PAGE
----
Educational level (1–6)
Quality of life
Physical Component Score
Mental Component Score
Score distribution of the PACIC among CVD patients ( n = 1.570) and COPD patients ( n = 917)
Delivery system design/decision support
Sum score PACIC
Correlations of patient variables with the PACIC among CVD patients ( n = 1.570) and COPD patients ( n = 917)
Marital status (married)
Educational level (1–6)
Quality of life
Physical Component Score
Mental Component Score
Predictors of the PACIC score assessed by multilevel regression analyses among CVD patients ( n = 1.570) and COPD patients ( n = 917)
Marital status (married)
Educational level (1–6)
Quality of life
Physical Component Score
Mental Component Score
The CCM has been promoted as a template of care for the chronically ill, aiming to substantially improve QoL [18, 19]. Our study showed that certain patients rated aspects of their care that were consistent with the CCM more favourably. Being younger and less depressed increased the chance of a higher score on the PACIC for both COPD and CVD patient groups.
Evidence that interventions containing at least one CCM element could improve clinical outcomes as well as patient-relevant outcomes exists [20–22]. Adams et al. reported in a recent review that COPD patients who received interventions with two or more CCM components had lower rates of hospitalisations and emergency/unscheduled visits, and shorter hospital stays compared with control groups . The studies, however, were conducted in hospital settings or HMOs and cannot easily be transferred to primary care settings. So far, only one study is available, showing that CCM elements can be implemented in small independent practices and result in improved care for diabetics . The PACIC scores in our study were similar to a study in a German primary care setting for patients with osteoarthritis (men = 2.79, women = 2.67) . The Dutch and German primary care setting PACIC scores were substantially lower than those of Glasgow et al. whose data was from an HMO setting [8, 9].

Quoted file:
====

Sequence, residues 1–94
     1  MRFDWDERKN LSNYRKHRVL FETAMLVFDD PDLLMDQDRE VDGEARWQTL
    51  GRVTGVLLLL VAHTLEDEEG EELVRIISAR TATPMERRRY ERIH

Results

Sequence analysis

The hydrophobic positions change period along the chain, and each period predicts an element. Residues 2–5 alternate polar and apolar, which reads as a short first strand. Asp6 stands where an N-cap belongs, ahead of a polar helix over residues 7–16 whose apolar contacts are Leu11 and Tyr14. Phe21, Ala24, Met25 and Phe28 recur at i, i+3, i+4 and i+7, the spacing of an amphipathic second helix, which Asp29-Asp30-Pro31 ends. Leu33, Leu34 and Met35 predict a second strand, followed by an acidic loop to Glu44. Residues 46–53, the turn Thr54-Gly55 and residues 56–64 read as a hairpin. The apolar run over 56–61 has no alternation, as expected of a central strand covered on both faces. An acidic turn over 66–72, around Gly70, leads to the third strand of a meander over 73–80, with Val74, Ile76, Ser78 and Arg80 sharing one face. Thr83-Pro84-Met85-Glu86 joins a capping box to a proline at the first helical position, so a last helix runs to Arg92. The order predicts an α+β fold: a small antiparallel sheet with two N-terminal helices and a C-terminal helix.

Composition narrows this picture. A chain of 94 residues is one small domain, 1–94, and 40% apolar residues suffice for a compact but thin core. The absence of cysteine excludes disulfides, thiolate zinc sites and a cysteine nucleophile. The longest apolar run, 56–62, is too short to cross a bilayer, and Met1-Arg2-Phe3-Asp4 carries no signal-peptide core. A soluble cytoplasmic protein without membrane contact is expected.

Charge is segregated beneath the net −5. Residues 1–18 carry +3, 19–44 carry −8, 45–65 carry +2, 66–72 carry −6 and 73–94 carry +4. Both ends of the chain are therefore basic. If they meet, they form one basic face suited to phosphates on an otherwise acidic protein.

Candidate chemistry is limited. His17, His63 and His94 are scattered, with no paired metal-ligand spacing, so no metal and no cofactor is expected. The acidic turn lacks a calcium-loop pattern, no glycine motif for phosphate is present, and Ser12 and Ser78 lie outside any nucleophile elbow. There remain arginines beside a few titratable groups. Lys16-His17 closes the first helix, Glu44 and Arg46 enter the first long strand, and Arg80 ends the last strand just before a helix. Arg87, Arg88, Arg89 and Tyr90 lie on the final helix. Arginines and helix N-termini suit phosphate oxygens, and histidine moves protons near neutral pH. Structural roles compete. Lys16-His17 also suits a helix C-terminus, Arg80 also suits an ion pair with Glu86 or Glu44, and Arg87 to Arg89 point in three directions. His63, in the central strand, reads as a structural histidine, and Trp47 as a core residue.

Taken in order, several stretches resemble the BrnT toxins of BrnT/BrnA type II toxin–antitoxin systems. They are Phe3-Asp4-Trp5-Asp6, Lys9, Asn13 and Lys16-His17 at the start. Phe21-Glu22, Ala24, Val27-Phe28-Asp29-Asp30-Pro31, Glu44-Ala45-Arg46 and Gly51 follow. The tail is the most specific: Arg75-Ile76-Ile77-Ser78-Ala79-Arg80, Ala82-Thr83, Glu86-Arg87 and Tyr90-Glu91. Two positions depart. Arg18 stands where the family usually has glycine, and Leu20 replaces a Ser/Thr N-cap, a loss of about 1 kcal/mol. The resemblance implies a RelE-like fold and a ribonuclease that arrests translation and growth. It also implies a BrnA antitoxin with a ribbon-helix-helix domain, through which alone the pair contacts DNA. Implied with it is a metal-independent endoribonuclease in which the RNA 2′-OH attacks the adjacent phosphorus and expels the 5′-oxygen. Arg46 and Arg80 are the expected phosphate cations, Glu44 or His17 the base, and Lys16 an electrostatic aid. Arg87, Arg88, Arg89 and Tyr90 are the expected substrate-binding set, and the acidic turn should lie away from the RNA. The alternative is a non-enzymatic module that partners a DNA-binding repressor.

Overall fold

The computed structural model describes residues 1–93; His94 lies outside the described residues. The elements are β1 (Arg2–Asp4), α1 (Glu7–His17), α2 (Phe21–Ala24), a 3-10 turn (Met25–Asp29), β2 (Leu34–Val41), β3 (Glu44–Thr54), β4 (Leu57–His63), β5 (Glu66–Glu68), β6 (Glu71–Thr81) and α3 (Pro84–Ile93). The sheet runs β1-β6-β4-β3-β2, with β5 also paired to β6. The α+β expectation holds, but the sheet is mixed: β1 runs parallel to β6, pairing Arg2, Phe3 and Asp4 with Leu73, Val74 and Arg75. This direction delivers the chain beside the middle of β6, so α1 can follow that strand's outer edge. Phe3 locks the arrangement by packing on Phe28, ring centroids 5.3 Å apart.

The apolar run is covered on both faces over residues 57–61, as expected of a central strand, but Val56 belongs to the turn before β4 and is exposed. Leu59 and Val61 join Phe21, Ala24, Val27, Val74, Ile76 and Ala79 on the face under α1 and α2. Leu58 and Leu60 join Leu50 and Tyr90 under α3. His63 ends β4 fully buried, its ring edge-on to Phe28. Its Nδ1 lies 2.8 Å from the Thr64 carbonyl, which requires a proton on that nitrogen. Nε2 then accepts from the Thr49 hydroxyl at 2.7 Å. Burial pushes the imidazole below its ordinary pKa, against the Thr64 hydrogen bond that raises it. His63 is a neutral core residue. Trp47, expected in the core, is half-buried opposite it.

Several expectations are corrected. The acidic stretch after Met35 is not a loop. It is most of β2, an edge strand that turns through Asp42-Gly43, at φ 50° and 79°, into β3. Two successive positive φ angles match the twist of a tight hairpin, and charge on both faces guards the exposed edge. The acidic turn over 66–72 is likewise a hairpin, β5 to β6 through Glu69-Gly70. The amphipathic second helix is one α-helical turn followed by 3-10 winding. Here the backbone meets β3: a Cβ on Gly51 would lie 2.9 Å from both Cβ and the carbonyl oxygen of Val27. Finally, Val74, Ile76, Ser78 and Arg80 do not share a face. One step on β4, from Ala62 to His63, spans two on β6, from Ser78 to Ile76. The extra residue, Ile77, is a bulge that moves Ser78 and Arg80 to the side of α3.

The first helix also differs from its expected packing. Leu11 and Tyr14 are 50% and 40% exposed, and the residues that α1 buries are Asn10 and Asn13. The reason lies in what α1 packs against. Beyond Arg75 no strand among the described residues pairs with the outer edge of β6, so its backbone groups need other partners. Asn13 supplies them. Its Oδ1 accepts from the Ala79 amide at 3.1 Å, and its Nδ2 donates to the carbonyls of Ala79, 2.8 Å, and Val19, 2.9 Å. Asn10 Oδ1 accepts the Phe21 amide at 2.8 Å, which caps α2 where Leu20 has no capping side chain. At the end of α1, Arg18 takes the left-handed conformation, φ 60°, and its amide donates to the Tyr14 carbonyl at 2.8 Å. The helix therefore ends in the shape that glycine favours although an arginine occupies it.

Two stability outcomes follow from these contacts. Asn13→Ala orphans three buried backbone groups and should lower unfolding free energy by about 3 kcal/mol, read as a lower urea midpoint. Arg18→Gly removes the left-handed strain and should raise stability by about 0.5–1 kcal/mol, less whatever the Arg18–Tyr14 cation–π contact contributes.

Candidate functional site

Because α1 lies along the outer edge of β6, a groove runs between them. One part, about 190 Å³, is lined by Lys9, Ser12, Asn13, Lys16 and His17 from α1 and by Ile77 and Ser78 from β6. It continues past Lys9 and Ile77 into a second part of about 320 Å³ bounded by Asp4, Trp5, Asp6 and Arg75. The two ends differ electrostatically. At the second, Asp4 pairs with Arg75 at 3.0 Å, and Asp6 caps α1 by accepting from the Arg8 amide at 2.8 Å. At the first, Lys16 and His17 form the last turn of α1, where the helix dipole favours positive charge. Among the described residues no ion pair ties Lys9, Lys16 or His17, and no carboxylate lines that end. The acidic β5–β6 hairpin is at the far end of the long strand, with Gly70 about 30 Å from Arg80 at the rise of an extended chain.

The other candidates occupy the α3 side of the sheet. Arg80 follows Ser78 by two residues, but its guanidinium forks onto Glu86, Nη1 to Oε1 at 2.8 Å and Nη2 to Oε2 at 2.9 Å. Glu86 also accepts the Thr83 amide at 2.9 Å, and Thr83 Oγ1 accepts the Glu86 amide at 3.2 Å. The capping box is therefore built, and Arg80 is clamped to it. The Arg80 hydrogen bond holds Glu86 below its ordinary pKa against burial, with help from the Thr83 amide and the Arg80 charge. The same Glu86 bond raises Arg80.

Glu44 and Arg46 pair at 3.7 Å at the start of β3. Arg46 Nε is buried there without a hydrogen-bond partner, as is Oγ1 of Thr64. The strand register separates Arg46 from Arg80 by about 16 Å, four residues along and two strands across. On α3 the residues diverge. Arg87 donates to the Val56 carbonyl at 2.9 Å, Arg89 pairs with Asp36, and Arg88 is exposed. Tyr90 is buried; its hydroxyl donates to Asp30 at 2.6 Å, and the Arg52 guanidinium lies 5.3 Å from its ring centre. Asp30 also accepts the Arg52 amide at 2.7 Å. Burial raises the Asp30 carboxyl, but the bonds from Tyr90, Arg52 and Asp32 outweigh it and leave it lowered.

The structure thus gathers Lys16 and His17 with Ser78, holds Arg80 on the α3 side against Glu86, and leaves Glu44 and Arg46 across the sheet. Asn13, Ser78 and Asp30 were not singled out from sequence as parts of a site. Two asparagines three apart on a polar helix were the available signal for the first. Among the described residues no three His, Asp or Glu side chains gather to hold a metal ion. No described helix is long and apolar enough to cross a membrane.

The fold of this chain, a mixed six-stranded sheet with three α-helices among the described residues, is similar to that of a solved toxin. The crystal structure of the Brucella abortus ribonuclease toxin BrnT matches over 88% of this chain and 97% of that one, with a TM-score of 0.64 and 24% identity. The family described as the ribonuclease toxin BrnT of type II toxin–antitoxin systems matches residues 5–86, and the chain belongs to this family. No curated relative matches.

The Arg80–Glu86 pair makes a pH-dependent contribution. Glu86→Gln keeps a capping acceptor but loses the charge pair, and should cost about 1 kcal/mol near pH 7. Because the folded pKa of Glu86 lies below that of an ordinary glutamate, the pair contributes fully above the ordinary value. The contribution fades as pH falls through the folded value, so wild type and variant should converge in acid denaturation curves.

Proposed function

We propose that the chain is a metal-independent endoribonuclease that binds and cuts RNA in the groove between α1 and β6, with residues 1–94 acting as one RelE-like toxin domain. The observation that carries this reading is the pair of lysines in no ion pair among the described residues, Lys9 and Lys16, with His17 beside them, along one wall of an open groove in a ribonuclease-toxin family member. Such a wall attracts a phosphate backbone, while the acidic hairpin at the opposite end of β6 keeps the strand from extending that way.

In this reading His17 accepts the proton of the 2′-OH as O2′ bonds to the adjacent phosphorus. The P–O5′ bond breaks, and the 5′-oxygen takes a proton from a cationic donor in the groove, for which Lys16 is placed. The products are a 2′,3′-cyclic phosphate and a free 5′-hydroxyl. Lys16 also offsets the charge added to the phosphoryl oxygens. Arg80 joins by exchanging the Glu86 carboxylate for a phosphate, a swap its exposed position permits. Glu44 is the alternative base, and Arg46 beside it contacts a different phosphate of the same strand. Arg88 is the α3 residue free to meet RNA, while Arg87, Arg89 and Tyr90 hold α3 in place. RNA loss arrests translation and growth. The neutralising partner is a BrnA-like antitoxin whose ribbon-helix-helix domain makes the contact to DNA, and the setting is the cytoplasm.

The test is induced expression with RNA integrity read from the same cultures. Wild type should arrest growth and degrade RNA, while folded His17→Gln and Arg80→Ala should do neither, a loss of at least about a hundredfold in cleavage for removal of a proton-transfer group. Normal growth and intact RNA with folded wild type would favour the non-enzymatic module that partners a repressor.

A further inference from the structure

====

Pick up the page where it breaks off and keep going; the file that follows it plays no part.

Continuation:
In line with the findings of Rosemann and colleagues  PACIC scores were not correlated with disease severity in the multivariate analyses. MCS and PCS, reflecting different aspects of QoL of CVD and COPD patients, did not predict PACIC scores, suggesting that care delivered to chronically ill patients is not dominated by the severity of the chronic condition itself. Our results show COPD patients report care more congruent with the CCM compared to CVD patients. This may be explained by the stage of chronic care in the Dutch primary care setting: the COPD care standard (based on the CCM) was implemented in early 2010, while the recently-developed care standard for CVD patients has not yet been implemented in every health care practice. In addition, the CVD population included at-risk patients as well as patients with established disease. The at-risk patients may have had fewer interactions with their care teams and the teams may have put less effort into chronic care, which may also explain the lower average PACIC scores for the CVD population.